This requires a little bit of manual work from our part, and obviously the positions for your interactive demo (if you are building your own) will be different from ours.

A slight complication comes in because we want our interactive demo to work even at different screen sizes. In other words, no matter whether we're viewing the demo on a large widescreen display or on mobile, we still want the circles to appear at the right locations on the image.

E.g. if our first circle should be positioned at [12,200] when the demo is 1200px wide, then it should be positioned at [6,100] when the demo is 600px

To achieve this we do two things.

1. we make a list of all the coordinates for our circles:

var steps = [
	['/img/flow/click-users.png', [1, 280]],
	['/img/flow/click-header.png', [765, 155]],
	['/img/flow/click-count-by.png', [777, 257]],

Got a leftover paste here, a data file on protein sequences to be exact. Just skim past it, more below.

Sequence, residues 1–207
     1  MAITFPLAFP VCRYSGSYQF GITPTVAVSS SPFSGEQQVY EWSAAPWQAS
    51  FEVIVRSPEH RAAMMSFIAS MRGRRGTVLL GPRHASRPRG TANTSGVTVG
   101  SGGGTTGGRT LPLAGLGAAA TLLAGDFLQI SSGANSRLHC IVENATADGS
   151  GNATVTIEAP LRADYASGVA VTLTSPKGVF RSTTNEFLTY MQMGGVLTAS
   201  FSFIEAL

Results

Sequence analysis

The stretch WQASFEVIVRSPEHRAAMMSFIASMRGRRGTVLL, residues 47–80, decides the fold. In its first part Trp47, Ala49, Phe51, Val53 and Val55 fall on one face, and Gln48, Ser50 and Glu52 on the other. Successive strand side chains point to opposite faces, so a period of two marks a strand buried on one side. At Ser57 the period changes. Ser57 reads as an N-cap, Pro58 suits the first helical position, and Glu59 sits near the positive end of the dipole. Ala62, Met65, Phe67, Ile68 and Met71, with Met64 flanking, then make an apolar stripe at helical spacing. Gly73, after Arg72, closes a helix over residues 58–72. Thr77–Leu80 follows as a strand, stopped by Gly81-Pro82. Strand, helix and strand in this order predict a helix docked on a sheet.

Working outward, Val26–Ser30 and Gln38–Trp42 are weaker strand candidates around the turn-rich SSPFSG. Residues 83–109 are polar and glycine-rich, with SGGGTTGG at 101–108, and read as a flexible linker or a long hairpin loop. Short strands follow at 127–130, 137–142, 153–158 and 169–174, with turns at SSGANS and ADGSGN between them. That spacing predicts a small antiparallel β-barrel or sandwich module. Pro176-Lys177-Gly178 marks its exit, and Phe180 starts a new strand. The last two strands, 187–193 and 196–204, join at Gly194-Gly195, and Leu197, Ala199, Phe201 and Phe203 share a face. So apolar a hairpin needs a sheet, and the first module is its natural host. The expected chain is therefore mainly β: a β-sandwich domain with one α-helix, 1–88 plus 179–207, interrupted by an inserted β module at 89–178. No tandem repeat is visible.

['/img/flow/click-table-tab.png', [572, 202]],
	['/img/flow/click-share.png', [722, 149]],
	['/img/flow/click-google-sheets.png', [773, 266]],
	['/img/flow/google-sheets.png', [54, -14]]
];
	

Note: if you're not sure what your coordinates should be, just randomly give them some values, and then manually adjust them until they're in the right positions.

And then 2., we write a small function (we named it adjusted), which takes a length (or coordinate) and scales it to the current screenshot height:

/*
 * given a length (measured using original demo height of 785px)
 * return an adjusted length based on current demo height.
 */
function adjusted(length) {
	var originalHeight = 785;
	var currentHeight = $('.screenshot').height();
	var ratio = currentHeight / originalHeight;
	return length * ratio;
}